Senate's Impeachment

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The Senate has the only power to confirm those of the President 's appointments that require consent, and to ratify treaties. There are, however, two exceptions to this rule, the House must approve appointments to the Vice Presidency and any treaty that involves foreign trade. The Senate also tries those that are decided to begin the impeachment process, cases for federal officials referred to it by the House. In order to pass legislation and send it to the President for his signature, both the House and the Senate must agree on the terms in the bill by majority vote. If the President vetoes a bill, they may override his veto by passing the bill again in each chamber with at least two-thirds of each body voting in favor. The first step in…show more content…
Congress, as one of the three coequal branches of government, is ascribed significant powers by the Constitution. All legislative power in the government is vested in Congress, meaning that it is the only part of the government that can make new laws or change existing laws. The President may veto bills Congress passes, but Congress may also override a veto by a two-thirds vote in both the Senate and the House of Representatives. Part of Congress 's exercise of legislative authority is the establishment of an annual budget for the government. To this end, Congress levies taxes and tariffs to provide funding for essential government services. If enough money cannot be raised to fund the government, then Congress may also authorize borrowing to make up the difference. Congress can also mandate spending on specific items: legislatively directed spending, commonly known as "earmarks," specifies funds for a particular project, rather than for a government…show more content…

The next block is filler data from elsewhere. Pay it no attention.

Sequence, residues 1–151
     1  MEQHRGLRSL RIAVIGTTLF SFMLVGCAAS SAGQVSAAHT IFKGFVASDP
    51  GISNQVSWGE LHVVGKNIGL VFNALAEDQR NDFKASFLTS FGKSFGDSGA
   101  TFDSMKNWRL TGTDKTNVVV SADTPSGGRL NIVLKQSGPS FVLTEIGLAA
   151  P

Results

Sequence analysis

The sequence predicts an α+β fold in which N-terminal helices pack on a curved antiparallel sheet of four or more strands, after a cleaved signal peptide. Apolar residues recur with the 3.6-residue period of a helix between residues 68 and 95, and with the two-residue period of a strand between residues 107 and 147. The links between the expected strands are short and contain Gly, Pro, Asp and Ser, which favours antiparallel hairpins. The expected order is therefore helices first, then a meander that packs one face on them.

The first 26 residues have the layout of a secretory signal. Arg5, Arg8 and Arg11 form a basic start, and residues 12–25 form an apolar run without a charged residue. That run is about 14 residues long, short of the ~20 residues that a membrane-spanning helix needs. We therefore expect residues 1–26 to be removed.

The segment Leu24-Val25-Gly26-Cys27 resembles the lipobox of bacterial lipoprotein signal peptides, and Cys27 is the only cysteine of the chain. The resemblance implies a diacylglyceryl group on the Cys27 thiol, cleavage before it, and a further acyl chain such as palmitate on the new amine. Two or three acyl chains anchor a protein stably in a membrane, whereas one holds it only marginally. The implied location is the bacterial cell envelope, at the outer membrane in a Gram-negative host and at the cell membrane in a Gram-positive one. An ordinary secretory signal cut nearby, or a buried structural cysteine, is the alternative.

Instead, the Senate selects one of their own members, usually junior members of the majority party, to preside over the Senate each day. The Vice President has an office in the West Wing of the White House, as well as in the nearby Eisenhower Executive Office Building. Like the President, he also maintains an official residence, at the United States Naval Observatory in Northwest Washington, D.C. This peaceful mansion, has been the official home of the Vice President since 1974 — previously, Vice Presidents had lived in their own private residences. The Vice President also has his own limousine, operated by the United States Secret Service, and flies on the same aircraft the President uses — but when the Vice President is aboard, the craft are referred to as Air Force Two and Marine Two. Every day, the President of the United States is faced with scores of decisions, each with important consequences for America 's future. To provide the President with the support that he or she needs to govern effectively, the Executive Office of the President (EOP) was created in 1939 by President Franklin D. Roosevelt. The EOP has responsibility for tasks ranging from communicating the President 's message to the American people to promoting our trade interests abroad. The EOP, overseen by the White House Chief of Staff, has traditionally been home to many of the President 's closest advisers. While Senate
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